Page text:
This post is not about software but hardware tools for network admins. Which network gadgets am I using during my daily business? At least three, namely the Airconsole, the Pockethernet and the ProfiShark, which help me in connecting to serial ports, testing basic network connectivity, and capturing packets in a high professional way. Come in and have a look at how I’m working.
This blog post is about using NetFlow for sending network traffic statistics to an nProbe collector which forwards the flows to the network analyzer ntopng. It refers to my blog post about installing ntopng on a Linux machine. I am sending the NetFlow packets from a Palo Alto Networks firewall.
My current ntopng installation uses a dedicated monitoring ethernet port (mirror port) in order to “see” everything that happens in that net. This has the major disadvantage that it only gets packets from directly connected layer 2 networks and vlans. NetFlow on the other hand can be used to send traffic statistics from different locations to a NetFlow flow collector, in this case to the tool nProbe. This single flow collector can receive flows from different subnets and routers/firewalls and even VPN tunnel interfaces, etc. However, it turned out that the “real-time” functionalities of NetFlow are limited since it only refreshes flows every few seconds/bytes, but does not give a real-time look at the network. It should be used only for statistics but not for real-time troubleshooting.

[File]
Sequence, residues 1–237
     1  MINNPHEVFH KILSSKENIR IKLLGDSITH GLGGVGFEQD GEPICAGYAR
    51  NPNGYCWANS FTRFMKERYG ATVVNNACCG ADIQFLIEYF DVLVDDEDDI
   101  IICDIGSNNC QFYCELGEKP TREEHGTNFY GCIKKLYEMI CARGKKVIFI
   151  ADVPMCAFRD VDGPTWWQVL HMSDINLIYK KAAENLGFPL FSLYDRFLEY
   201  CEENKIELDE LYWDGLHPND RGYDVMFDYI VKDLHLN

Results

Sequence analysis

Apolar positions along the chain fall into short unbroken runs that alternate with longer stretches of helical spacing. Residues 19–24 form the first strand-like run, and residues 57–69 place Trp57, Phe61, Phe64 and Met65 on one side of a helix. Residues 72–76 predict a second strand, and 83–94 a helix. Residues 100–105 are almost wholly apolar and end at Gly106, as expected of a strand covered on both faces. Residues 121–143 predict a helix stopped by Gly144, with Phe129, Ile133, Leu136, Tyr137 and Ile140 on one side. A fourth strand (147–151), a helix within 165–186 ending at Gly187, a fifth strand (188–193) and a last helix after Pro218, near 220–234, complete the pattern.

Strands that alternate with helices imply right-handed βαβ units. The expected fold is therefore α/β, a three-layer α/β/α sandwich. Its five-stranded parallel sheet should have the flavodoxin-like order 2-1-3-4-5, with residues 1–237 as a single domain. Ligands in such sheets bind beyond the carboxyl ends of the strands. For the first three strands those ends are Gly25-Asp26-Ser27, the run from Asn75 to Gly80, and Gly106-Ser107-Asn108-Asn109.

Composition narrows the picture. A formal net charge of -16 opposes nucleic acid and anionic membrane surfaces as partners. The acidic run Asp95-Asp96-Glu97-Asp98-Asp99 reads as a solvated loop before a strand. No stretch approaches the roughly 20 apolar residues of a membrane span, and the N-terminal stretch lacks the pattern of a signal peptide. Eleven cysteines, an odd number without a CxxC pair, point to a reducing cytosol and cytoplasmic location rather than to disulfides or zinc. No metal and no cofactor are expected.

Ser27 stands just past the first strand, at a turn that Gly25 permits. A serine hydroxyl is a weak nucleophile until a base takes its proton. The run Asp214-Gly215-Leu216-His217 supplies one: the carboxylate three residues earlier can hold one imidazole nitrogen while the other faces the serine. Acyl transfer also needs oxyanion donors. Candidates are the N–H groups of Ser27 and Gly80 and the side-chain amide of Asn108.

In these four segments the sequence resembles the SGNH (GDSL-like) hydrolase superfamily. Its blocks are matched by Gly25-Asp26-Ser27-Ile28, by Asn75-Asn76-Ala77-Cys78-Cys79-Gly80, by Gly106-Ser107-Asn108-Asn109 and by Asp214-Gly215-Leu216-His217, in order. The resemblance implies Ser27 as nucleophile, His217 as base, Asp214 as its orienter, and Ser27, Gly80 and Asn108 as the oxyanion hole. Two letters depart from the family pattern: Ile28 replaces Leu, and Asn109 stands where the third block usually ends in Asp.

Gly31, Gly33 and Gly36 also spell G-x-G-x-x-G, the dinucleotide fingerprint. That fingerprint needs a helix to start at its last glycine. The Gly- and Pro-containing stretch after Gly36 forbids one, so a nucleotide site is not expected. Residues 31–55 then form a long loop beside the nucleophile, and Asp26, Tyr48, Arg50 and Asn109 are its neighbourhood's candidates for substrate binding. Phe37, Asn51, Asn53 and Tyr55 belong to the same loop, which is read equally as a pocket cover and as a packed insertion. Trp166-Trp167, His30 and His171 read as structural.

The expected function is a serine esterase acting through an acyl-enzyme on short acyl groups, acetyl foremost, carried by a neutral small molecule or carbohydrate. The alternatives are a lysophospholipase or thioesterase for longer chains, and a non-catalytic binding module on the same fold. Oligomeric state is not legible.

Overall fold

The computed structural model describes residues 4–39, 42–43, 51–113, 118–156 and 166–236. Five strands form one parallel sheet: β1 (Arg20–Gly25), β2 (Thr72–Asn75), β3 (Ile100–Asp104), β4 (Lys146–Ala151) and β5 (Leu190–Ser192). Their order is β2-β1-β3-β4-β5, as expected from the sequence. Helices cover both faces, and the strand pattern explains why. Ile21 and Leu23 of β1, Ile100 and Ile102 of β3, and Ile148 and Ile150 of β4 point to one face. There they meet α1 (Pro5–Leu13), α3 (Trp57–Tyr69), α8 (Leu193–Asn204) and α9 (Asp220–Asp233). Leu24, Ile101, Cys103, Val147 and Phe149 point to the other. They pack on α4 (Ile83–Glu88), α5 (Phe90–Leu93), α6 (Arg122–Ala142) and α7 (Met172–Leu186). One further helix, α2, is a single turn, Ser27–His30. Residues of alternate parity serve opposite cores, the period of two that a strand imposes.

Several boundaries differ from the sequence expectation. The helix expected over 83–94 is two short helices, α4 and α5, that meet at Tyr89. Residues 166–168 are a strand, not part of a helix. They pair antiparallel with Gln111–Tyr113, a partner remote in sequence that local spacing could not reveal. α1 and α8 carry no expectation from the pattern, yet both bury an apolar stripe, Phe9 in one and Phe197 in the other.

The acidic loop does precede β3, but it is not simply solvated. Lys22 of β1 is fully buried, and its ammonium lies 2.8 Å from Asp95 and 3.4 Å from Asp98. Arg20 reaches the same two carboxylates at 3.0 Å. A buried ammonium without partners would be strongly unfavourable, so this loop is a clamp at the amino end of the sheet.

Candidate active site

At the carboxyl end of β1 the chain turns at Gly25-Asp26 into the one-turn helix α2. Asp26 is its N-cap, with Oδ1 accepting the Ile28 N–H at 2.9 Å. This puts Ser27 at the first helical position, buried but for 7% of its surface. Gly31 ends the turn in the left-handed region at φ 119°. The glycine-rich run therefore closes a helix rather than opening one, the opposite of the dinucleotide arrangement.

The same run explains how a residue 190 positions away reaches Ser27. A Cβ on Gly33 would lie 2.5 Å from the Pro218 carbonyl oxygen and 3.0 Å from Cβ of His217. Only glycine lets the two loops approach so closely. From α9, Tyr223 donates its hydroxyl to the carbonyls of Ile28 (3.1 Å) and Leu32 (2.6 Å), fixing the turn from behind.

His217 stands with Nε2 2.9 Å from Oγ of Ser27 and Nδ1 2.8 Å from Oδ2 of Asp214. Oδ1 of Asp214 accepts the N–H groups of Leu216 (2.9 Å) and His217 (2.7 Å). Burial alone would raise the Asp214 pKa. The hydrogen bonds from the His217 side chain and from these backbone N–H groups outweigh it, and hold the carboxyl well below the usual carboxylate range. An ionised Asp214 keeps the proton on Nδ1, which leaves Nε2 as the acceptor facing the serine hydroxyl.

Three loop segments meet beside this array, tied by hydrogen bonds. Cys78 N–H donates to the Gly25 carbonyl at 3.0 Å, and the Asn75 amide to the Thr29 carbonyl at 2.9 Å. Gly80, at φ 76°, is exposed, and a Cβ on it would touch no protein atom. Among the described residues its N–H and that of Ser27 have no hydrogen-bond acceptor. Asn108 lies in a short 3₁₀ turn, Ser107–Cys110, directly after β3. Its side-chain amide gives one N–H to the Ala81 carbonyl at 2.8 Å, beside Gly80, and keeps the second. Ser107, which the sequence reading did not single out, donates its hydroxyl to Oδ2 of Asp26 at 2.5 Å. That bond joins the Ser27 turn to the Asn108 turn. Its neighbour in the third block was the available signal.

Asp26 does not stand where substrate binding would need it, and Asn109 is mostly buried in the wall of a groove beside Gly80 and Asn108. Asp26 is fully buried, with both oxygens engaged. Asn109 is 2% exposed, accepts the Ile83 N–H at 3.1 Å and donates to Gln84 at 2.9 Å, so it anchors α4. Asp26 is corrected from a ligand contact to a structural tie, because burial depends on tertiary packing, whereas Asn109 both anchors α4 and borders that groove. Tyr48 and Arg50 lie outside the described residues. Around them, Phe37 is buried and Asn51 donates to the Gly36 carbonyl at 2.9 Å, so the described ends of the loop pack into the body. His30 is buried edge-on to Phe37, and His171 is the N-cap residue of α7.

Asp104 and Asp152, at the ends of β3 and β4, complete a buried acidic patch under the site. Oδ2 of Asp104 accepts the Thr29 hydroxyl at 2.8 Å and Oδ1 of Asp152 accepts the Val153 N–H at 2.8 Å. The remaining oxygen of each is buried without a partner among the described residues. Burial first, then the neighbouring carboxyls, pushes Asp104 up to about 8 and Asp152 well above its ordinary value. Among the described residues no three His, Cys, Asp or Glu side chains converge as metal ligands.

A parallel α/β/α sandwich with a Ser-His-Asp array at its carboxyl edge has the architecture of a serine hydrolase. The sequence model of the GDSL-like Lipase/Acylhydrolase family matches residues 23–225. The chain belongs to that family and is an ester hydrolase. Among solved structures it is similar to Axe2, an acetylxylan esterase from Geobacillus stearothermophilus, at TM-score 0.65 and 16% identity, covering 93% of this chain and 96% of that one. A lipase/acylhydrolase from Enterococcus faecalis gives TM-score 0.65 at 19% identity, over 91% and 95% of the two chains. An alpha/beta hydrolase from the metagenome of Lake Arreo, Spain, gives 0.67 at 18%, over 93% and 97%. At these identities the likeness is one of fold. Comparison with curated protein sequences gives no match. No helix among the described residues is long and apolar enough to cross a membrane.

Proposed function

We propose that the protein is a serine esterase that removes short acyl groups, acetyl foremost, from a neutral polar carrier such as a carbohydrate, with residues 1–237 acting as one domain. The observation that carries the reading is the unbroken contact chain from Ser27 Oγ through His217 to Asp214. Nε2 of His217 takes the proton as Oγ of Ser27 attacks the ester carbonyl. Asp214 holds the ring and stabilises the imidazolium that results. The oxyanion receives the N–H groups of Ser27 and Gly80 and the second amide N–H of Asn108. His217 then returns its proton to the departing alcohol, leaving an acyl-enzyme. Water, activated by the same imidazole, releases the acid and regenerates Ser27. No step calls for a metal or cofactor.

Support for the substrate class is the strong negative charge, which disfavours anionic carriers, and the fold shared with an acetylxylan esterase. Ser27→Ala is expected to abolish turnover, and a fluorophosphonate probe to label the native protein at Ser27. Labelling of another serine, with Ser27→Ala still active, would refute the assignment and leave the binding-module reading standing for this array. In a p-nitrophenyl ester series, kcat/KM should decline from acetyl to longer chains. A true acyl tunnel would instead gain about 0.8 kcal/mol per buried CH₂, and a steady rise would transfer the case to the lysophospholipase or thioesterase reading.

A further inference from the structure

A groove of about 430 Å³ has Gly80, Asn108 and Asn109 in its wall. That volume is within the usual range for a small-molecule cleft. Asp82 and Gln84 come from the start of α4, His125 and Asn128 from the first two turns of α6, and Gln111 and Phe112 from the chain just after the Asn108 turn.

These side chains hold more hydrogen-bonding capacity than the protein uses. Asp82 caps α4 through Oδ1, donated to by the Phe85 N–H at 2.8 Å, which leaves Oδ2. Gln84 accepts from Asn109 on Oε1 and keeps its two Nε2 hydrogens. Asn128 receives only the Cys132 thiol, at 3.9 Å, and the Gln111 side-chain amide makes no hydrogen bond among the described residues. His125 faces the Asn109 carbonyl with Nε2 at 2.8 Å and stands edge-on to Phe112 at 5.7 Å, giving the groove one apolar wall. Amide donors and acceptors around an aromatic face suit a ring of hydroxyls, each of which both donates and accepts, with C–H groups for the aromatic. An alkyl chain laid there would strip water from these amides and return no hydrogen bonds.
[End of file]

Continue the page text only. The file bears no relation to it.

Some time ago I published a post introducing ntopng as an out-of-the-box network monitoring tool. I am running it on a Knoppix live Linux notebook with two network cards. However, I have a few customers that wanted a persistent installation of ntopng in their environment. So this is a step-by-step tutorial on how to install ntopng on a Ubuntu server with at least two NICs.
Some time ago I installed a new firewall at the customer’s site. Meanwhile the customer was interested in the flows that are traversing through the firewall right now. Oh. Good question. Of course it is easy to filter through log messages of firewalls, but theses logs are only for finished sessions. Yes, there are “session browsers” or the like on all firewalls, but they are not nice and handy to analyze the sessions in real-time.
The solution was to bring a network analyzer on a mirror port near to the firewall. I decided to use ntopng running on the live Linux distribution Knoppix. Great choice! An old notebook with two network adapters fits perfectly. A handful commands and you’re done: